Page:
Apartments vs Dorms

Posted September 21st, 2011 by missrunningstart and filed in Reducing Expenses, Student to Student
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Student on CampusComing into a new school-year, you feel a little bit older, a little bit wiser and maybe you want to make a change from the dorm lifestyle. If you have the option to move into an off campus apartment you may want to weigh a few things before making a decision.

One thing to consider when choosing between apartment living and dorm is the need for privacy. For those who study best in private and don’t want the distraction of noisy student roommates or neighbors, an apartment is a better choice. For those who tend to feel lonely or isolated, dorm living may be the better option. In the dorms other people are always around in the dorm to hang out, or study. One way to separate who should be in the apartments and who should be in the dorms is by social needs. The dorms are fitted for students who want a more social experience. For these students the dorms are the place where everything happens on campus. Alternatively, apartments are well suited for students who are nearing the end of their college careers and want more control over their study environment. They want fewer interruptions and more freedom regarding where and when they study. Married couples are also likely to choose apartment living for the privacy.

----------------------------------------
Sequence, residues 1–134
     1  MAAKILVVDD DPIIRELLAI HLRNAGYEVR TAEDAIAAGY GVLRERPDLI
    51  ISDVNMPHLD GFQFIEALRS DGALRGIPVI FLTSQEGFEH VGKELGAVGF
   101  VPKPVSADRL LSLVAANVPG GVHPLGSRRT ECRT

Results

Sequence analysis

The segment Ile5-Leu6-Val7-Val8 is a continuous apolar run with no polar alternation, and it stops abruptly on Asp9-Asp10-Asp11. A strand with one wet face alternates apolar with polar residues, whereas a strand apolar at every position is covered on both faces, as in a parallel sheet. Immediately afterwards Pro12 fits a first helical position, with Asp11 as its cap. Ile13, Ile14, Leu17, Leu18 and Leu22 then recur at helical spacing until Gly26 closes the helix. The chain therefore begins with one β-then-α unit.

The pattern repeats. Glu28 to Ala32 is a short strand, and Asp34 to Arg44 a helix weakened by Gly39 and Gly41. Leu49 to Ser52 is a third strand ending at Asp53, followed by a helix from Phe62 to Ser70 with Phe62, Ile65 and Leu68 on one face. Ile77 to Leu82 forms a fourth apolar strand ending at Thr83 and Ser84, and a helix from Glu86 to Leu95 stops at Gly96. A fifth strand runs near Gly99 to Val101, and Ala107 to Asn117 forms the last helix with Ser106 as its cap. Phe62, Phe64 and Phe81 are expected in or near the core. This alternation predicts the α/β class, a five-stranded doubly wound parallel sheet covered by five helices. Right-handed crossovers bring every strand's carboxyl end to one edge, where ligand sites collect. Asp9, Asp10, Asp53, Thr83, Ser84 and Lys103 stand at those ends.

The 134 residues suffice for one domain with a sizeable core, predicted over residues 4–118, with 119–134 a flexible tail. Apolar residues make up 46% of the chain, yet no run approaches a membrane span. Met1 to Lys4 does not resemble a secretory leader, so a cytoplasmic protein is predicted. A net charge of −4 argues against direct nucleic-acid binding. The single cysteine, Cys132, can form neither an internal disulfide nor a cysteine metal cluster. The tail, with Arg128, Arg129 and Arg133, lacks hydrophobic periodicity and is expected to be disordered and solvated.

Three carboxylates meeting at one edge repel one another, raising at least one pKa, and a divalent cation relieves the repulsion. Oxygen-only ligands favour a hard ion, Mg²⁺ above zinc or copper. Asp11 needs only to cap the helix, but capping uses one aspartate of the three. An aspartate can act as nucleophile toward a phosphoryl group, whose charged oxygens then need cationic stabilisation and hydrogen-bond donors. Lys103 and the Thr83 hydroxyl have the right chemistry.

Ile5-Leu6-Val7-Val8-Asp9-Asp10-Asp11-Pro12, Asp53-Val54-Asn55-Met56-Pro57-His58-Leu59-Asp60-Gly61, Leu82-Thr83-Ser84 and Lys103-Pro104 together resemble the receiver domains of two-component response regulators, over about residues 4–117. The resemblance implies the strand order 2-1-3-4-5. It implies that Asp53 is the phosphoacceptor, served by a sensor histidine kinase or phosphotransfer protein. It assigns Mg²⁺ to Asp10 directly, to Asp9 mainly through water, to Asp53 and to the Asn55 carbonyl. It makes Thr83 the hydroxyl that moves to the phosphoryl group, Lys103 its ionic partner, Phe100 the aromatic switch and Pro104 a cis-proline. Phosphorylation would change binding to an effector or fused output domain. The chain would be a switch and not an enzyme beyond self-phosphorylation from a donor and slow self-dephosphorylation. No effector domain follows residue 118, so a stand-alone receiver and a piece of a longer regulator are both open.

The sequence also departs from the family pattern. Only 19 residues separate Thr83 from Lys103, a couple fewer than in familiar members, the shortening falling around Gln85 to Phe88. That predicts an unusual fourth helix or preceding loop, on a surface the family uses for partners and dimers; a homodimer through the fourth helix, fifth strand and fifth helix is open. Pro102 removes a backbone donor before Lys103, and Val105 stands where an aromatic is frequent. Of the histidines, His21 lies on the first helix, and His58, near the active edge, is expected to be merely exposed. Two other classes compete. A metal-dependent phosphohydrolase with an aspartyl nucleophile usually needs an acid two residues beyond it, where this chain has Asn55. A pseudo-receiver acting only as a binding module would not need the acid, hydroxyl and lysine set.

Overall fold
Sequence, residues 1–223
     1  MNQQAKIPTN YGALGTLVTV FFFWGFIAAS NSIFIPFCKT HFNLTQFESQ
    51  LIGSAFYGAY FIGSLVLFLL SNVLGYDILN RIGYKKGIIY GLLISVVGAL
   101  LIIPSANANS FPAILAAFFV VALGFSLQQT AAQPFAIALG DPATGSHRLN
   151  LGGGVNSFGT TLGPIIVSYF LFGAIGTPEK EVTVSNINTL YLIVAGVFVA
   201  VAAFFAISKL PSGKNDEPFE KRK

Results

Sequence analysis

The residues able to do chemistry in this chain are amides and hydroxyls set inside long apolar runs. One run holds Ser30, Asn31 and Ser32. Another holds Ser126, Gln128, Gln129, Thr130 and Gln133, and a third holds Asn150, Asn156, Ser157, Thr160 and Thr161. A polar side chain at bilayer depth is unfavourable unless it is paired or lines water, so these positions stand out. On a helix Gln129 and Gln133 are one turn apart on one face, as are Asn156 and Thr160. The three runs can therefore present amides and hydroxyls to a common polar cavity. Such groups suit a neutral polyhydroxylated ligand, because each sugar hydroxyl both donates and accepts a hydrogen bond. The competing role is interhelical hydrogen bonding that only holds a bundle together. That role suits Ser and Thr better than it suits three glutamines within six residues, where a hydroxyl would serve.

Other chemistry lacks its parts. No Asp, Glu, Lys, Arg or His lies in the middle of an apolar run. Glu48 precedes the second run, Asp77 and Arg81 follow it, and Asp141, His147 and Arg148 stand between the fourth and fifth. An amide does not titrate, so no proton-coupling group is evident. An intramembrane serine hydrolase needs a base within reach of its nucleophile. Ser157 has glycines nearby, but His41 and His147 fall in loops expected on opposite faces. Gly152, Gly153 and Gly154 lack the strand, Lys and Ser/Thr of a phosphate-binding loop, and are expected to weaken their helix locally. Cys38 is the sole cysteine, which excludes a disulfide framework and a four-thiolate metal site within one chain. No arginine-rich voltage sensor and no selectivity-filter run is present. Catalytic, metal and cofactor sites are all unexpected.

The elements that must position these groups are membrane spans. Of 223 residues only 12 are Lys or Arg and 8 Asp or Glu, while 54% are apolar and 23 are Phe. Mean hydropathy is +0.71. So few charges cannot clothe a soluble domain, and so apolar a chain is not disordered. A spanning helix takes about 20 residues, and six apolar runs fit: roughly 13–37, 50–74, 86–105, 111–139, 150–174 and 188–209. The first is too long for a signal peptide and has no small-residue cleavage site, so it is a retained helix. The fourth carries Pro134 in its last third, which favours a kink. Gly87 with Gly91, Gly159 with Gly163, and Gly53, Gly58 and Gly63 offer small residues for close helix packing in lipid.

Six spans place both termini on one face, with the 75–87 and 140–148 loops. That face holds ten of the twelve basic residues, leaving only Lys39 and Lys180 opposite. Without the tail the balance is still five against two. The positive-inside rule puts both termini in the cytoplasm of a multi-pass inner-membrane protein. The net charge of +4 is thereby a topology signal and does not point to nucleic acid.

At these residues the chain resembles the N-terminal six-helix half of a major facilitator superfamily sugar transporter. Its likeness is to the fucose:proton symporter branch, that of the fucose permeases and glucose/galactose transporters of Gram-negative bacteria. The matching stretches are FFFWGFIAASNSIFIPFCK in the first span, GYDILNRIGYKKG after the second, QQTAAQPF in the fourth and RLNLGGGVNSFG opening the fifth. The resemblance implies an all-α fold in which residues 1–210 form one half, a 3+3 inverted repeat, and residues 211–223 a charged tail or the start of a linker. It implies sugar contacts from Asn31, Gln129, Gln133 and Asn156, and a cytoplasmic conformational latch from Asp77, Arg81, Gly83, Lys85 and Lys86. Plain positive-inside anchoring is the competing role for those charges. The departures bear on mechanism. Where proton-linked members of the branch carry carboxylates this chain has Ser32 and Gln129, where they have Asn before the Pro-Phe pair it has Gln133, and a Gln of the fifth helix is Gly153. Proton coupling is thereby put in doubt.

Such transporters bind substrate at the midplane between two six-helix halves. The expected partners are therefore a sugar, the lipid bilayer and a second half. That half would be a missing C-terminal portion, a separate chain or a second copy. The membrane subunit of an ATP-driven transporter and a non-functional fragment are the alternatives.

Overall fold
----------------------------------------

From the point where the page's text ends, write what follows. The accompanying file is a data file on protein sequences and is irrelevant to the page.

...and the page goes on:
Consider cost too. The cost of apartment living is typically more expensive than dorm living as it includes monthly rent and utilities. Since it is likely that a main reason a student wants an apartment is to have more privacy, the costs of having an apartment may require the student to get a few roommates to share the cost. It is important to consider if the goal may be defeated by the need to have roommates.

Another consideration is where and when to eat. One of the biggest advantages of dorm life is a choice of meal plans provided by an on campus dining facility. However, if the dining hall is near the dorm, then the time spent getting food may be a point in favor of apartment living. This is especially true if the dorm does not have a kitchen or allow in room refrigerators or microwaves. An apartment will normally come equipped with a kitchen with full size appliances. A student can jump out of bed and walk to the kitchen in pajamas and slippers whenever desired. A student that is not on a meal plan has a wider choice of foods because they choose their own meals. However, the student will need to factor in the time to go shopping and a budget for groceries. In addition, the student will need to make sure that she can trust her roommates not to raid her food supplies or she may end up eating out often.